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19th June 1964, Page 25
19th June 1964
Page 25
Page 25, 19th June 1964 — LUCAS ANSWERS CRITICISMS
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Which of the following most accurately describes the problem?

ALTHOUGH there have been problems regarding satisfactory service of both Lucas and CAN. vehicle electrical equipment, these have in the main been cleared and the magnitude of the problems was not as great as early reports suggested; there has been lack of adequate preventive maintenance, while greater "product satisfaction" by users mould result from improved technical communication between operators and component manufacturers. These are some of the salient points in a statement made this week by Joseph Lucas Ltd. after investigating reports of complaints by commercial vehicle operators.

The survey was made with the co-operation of the Transport Association and a comprehensive questionnaire was sent to all its member companies. A Lucas representative also visited each company to collect further information. Of the 77 T.A. members included in the survey only 48 completed and returned the questionnaire. The results of the survey have been analysed by Lucas and discussed with the Association.

It was after these discussions that the Lucas statement, some of whose main points are outlined above, was issued.

On preventive maintenance, the statement says that lack of it has aggravated service problems and that there is a general failure to appreciate the service needs of electrical components and maintain them to the necessary standard. Wider use of U.K. training facilities covering Lucas and C.A.V. products would, says the statement, lead to better maintenance and longer component life.

Efforts are being made to improve the technical link between user and manufacturer but any operator who is in difficulty is encouraged to contact J. Lucas (Sales and Service) Ltd.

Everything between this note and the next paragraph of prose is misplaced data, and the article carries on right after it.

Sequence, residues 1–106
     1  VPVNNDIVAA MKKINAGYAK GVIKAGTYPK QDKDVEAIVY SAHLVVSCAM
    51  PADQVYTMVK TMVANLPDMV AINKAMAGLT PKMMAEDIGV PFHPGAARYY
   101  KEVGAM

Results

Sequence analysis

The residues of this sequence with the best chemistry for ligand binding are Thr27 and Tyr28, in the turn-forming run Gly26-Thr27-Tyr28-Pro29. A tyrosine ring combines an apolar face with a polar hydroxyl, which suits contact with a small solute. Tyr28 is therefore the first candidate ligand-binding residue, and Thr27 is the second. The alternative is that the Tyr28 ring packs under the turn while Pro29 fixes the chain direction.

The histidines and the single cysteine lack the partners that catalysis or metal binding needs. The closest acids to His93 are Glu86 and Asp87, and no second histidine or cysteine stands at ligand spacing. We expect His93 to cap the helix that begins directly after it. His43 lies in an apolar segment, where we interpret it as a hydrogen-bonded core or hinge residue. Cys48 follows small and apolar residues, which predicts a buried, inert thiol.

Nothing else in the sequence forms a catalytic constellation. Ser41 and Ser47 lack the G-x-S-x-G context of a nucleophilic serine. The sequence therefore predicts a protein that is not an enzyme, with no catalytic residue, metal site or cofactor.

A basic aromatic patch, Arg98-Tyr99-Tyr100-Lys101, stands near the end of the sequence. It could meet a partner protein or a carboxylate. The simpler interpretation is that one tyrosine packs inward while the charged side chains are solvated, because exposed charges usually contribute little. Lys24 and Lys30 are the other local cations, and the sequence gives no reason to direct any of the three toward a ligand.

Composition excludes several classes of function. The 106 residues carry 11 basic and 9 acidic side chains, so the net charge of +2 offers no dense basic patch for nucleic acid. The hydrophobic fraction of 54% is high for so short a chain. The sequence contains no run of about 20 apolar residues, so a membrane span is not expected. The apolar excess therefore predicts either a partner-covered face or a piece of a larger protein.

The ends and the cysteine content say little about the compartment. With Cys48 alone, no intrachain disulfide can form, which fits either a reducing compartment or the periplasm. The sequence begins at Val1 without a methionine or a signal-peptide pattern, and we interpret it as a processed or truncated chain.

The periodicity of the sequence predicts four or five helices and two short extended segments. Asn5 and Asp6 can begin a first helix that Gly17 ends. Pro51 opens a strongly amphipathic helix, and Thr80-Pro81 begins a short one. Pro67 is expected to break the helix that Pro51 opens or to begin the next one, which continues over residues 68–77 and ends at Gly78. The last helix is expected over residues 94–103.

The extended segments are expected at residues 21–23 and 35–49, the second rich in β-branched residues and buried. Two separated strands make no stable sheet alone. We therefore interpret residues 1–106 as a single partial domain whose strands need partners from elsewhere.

Both C.A.V. and Lucas have also been carrying out exercises "to establish specifications, and ultimately components, which as near as is practicable meet the operators' field demands ".

The Transport Association this week said it had nothing to add to the circulated statement but a spokesman of the Road Haulage Association told The Commercial Motor that they were still not satisfied about the situation and were still getting complaints from members about electrical equipment. Commenting on the remarks about preventive maintenance, the spokesman said that earlier electrical equipment needed virtually no maintenance yet remained serviceable for long periods; as to training facilities being available, current items (especially the latest starters) were often sealed and so had to be exchanged rather than serviced, which made special training of fitters rather pointless.

Concerning the exercises to establish new specifications and components, the R.H.A. says it is not at present asking for progress" in design, which could prove expensive to the user, but merely for equipment as reliable as, in the R.H.A.'s view, it used to be.

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